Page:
Haj organisers don't conduct religious ceremony, can't be exempted from GST: SC

The tour operators moved the top court against the levy of GST on Hajis who avail themselves of services offered by registered private tour operators.
Representational Picture
Representational PictureFile

New Delhi, July 26: The Supreme Court Tuesday dismissed a clutch of petitions filed by various private tour operators seeking Goods and Services Tax (GST) exemption for the Haj and Umrah tours offered by them.

A bench, headed by Justice A.M. Khanwilkar and comprising Justices Abhay S. Oka and C.T. Ravikumar said: "The service rendered by HGOs (Haj group organisers) to Haj pilgrims is to facilitate them to reach at the destination to perform rituals/religious ceremonies. No religious ceremony is performed or conducted by the HGOs. The religious ceremony is conducted by Haj pilgrims or by someone else in the Kingdom of Saudi Arabia."

The bench added that a clear distinction has been made between a service provided in respect of religious pilgrimage and a service rendered by way of conduct of any religious ceremony. "We may give an example of a person engaging a priest to perform certain religious ceremonies or ritual or puja on his behalf. In such a case, the priest renders service by way of conducting a religious ceremony", it noted, in a 78-page judgment.

The top court said the real question is whether HGOs are rendering service by way of conduct of any religious ceremony. "As held earlier, HGOs have no role to play in actual conduct of religious ceremonies which are a part of Haj pilgrimage. The service rendered by HGOs is by way of providing air bookings, arranging for the stay of Haj pilgrims in Saudi Arabia, arranging for food while they are in Saudi Arabia, arranging for foreign exchange, and arranging registration with Tawafa establishment in the Kingdom of Saudi Arabia," it pointed out.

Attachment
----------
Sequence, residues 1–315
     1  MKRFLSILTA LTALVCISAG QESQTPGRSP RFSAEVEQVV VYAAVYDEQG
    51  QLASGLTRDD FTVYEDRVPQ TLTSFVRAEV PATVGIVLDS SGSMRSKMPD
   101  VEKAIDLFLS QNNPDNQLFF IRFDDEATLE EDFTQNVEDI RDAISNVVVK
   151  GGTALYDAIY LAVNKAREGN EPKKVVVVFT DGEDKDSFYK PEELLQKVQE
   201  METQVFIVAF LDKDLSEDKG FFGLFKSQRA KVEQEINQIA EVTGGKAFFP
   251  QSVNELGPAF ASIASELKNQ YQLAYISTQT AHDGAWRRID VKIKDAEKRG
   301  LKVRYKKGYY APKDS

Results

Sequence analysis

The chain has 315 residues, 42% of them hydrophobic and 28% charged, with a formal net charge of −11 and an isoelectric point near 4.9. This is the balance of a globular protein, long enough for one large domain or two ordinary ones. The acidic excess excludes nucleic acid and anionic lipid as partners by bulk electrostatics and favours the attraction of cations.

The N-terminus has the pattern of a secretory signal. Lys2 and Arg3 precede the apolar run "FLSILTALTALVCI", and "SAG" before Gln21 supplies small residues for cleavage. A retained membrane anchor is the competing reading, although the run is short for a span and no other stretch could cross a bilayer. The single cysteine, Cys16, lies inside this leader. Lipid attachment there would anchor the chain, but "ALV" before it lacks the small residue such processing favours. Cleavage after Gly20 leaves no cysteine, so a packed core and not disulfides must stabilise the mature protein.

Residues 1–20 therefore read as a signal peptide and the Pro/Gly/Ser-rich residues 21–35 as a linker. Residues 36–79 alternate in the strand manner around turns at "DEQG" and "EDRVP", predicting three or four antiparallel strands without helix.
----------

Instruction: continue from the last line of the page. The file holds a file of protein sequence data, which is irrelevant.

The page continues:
The petitions seeking exemption had alleged discrimination against the pilgrims travelling to Saudi Arabia. However, the top court dismissed the petitions on both the grounds of exemption and discrimination.

The bench said: "The exemption as regards religious pilgrimage has been confined only to the services rendered by the specified organisations in respect of a religious pilgrimage facilitated by the Ministry of External Affairs of the Government of India under a bilateral arrangement. An exemption has not been provided to any other service provider rendering service in respect of a religious pilgrimage."

It said petitioners' contention in connection with extra-territorial application of GST for services given outside India is kept open, as it is pending consideration before another bench.

The top court said as far as the services rendered by HGOs are concerned, there is no material change brought about by the GST and the IGST Acts except for the fact that the service tax is chargeable under these two statutes and not under the Finance Act.

"Thus, the HGOs supply service to the service recipient having a location in India. The service is rendered by providing a package for the Haj pilgrimage to the service recipient who is located in the taxable territory. That is how the service provided by HGOs is taxable for service tax," it said.

The tour operators moved the top court against the levy of GST on Hajis who avail themselves of services offered by registered private tour operators. The petitioners contended that services consumed outside India cannot be subjected to GST and it is discriminatory, exempting certain hajis who undertake the pilgrimage through the Haj Committee of India.

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